Bennett may resign from Knesset, as controversial ‘Norwegian Law’ approved

The Knesset approved the so-called “Norwegian Law” into law overnight Wednesday in a 64-51 vote. The controversial law allows cabinet ministers and deputy ministers to resign their Knesset seats in order to open up places in the Knesset for other party members, and still return to the Knesset if the government falls.

Following the passing of the law, Minister of Education Naftali Bennett (Habayit Hayehudi) is expected to resign from the Knesset thus making way for Shulamit “Shuli” Mualem-Rafaeli to return to the legislator. Some have speculated that this was law’s purpose in the first place.

Minister of the Economy Aryeh Deri (Shas) is also expected to resign from the Knesset to make way for Avraham Michaeli. It is also expected that Finance Minister Moshe Kahlon (Kulanu) and Rabbi Meir Porush (United Torah Judaism) will resign from the Knesset as well.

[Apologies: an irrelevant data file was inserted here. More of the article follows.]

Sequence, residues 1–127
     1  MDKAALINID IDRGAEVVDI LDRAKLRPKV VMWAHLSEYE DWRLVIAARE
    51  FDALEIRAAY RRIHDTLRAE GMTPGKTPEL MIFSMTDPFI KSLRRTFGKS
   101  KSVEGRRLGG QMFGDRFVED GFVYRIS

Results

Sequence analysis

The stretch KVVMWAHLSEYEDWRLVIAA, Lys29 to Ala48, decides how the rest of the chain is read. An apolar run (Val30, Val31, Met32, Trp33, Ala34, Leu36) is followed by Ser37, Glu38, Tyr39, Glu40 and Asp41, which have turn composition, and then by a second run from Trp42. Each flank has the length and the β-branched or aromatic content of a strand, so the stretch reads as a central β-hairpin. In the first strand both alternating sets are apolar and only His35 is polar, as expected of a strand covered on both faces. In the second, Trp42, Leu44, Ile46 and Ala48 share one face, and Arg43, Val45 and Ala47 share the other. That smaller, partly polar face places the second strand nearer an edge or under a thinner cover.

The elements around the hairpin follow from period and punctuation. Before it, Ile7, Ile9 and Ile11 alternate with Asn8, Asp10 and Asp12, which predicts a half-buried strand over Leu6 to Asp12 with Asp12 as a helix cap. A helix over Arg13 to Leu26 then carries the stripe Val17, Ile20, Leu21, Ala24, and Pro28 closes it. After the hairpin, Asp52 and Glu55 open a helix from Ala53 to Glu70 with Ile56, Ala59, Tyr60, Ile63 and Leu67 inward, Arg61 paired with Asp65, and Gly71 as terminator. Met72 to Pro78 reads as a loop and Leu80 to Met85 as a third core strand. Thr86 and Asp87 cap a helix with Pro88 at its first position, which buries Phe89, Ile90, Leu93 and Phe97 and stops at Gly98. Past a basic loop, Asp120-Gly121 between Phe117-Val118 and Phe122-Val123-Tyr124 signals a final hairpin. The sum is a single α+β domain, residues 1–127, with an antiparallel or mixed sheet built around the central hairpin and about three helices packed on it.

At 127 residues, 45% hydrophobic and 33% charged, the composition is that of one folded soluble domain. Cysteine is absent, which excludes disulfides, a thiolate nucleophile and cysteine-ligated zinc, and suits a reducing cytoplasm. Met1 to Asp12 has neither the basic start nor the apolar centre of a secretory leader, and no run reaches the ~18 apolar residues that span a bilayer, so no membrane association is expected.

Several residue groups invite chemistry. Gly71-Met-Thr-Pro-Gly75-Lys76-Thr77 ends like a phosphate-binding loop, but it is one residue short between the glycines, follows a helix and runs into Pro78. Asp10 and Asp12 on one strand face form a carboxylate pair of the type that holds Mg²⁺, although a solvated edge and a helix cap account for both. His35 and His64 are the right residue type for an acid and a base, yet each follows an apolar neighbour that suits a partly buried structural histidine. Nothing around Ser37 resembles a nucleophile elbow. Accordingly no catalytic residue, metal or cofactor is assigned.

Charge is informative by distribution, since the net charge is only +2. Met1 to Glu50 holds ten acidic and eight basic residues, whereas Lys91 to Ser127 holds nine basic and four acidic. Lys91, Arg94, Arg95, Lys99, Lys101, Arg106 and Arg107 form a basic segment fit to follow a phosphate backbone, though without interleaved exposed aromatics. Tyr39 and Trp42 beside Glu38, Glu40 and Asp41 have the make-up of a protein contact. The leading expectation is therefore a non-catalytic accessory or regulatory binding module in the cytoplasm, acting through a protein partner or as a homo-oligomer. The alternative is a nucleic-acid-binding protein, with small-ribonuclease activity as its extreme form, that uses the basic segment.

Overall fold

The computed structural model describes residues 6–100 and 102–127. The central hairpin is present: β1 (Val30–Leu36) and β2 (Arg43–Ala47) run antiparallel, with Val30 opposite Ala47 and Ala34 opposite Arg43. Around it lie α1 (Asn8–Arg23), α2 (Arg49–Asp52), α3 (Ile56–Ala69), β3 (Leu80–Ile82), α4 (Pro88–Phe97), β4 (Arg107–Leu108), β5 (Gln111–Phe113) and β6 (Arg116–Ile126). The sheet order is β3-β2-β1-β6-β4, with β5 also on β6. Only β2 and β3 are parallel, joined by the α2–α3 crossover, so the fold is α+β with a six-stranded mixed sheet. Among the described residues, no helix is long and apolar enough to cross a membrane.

At this point it isn’t clear which if any of the ministers of the Likud would resign from the Knesset. The law doesn’t require anyone to resign, only allows them to do so if they so please.

The preparation of the law was completed on Tuesday, after the draft bill was substantially amended. Among the changes made were redefining the law as a temporary order, meaning that it will only apply to the current Knesset.

“Loyalty pays in the Habayit Hayehudi party,” Bennett told Haaretz early on Thursday. “Shuli Mualem was loyal throughout and will get to be a member of the Knesset. Who will resign? Probably me.” Mualem-Rafaeli, who attended the entire voting session, said that her party “didn’t think that the law was personal, rather that it was a matter of principle. Adding Knesset members would improve the Knesset work. I’m very happy to return to the place I loved and had successes in.”


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